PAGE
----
279 Thule

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279 Thule
Discovery
Discovered by Johann Palisa
Discovery date October 25, 1888
Designations
1927 EC, 1954 FF, A920 GA, A923 RA[1]
Asteroid belt (Thule)
Orbital characteristics[1]
Epoch 27 August 2011 (JD 2455800.5)
Aphelion 4.3122281 AU
Perihelion 4.2329299 AU
4.2725790 AU
Eccentricity 0.0092799
8.8316810 a (3225.7715 d)
182.9163°
Inclination 2.33789°
73.6201°
82.8223°
Physical characteristics
Dimensions 126.6 ± 3.7 km (IRAS)[1]
15.96 h[1]
Albedo 0.041[1]
Temperature 133 K
Spectral type
B−V=0.75[1]
U−B=0.32[1]
D (Tholen)[1]
X (SMASSII)[1]
8.57[1]

279 Thule (/ˈθjuːl/ THEW-lee) is a large asteroid from the asteroid belt. It is classified as a D-type asteroid and is probably composed of organic-rich silicates, carbon and anhydrous silicates. Thule was the first asteroid discovered with a semi-major axis greater than 4 AU. It was discovered by Johann Palisa on October 25, 1888 in Vienna and was named aptly after the ultimate northern land of Thule.

Thule asteroids[edit]

Thule was the first discovered member of the Thule dynamical group, which as of 2008 is known to consist of three objects: 279 Thule, (186024) 2001 QG207, and (185290) 2006 UB219.[2] The orbits of these bodies are unusual. They orbit in the outermost edge of the asteroid belt in a 4:3 orbital resonance with Jupiter, the result of the periodic force Jupiter exerts on a body with Thule's orbital period, in the same way (though with the reverse effect) as the Kirkwood gaps in the more inner parts of the asteroid belt.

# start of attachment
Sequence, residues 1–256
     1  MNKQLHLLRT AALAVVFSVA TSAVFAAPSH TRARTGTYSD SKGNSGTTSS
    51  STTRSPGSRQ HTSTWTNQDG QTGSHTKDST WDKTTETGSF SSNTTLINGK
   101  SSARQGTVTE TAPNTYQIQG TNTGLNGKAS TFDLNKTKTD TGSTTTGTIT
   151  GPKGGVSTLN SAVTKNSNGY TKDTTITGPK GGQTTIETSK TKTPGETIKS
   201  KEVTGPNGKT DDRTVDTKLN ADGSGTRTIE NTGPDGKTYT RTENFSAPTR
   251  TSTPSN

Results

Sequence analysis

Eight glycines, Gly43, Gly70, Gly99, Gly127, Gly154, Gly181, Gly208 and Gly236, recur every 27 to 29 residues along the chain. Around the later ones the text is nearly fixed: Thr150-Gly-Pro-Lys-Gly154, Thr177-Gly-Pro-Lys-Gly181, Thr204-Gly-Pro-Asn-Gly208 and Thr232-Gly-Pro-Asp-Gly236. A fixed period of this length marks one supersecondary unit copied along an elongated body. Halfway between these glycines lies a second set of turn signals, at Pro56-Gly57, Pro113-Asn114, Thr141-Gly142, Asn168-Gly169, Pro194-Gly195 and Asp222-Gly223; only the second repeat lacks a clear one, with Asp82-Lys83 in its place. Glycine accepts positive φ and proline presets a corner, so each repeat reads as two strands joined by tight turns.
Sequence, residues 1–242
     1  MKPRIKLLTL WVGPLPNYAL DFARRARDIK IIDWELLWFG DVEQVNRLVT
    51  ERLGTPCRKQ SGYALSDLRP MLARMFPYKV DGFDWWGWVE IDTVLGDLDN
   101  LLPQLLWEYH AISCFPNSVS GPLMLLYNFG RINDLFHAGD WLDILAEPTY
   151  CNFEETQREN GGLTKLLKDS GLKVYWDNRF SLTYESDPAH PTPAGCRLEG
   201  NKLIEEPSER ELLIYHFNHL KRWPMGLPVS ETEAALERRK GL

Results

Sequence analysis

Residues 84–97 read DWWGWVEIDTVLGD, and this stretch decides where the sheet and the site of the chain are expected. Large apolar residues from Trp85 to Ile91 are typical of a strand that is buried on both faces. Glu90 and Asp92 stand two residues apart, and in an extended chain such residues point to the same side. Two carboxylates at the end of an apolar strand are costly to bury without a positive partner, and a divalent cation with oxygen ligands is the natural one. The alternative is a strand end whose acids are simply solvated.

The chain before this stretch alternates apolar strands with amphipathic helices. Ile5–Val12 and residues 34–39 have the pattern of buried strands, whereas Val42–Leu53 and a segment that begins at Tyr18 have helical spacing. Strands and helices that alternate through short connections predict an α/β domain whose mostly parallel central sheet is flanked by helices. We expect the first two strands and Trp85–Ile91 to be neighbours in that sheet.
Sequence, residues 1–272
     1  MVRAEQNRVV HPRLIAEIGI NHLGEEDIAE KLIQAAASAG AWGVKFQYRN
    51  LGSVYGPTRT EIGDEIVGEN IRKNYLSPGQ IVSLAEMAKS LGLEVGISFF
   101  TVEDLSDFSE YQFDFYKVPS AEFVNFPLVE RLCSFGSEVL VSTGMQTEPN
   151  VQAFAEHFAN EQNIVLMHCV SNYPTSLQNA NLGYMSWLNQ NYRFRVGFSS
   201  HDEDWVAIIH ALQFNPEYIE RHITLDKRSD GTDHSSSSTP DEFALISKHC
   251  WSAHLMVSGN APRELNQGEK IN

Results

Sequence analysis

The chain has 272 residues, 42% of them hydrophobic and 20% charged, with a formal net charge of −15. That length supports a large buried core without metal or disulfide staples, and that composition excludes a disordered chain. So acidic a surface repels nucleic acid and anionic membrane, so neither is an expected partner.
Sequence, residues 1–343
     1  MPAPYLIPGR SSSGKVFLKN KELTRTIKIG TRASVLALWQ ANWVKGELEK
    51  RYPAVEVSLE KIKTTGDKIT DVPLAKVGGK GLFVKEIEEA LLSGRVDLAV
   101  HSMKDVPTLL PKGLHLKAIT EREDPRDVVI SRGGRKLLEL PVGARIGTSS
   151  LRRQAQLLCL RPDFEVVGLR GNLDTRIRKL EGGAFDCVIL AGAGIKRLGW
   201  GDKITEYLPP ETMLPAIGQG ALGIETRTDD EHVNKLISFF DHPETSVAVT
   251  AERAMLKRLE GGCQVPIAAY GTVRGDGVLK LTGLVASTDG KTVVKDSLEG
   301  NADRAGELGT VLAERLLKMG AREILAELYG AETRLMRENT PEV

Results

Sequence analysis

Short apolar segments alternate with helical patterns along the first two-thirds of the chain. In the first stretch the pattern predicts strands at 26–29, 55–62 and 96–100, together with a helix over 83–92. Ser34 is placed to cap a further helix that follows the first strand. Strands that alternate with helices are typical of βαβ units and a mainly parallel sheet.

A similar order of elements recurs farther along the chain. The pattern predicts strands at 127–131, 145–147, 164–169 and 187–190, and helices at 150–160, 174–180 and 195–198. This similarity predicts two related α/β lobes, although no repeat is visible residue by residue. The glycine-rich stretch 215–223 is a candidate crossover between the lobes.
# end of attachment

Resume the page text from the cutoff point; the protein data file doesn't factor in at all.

References[edit]

  1. ^ a b c d e f g h i j NASA/JPL Small-Body Database on 279 Thule Retrieved 2011-09-22
  2. ^ Brož, M.; Vokrouhlický, D. (2008). "Asteroid families in the first-order resonances with Jupiter". Monthly Notices of the Royal Astronomical Society 390 (2): 715–732. Bibcode:2008MNRAS.tmp.1068B. doi:10.1111/j.1365-2966.2008.13764.x. 

External links[edit]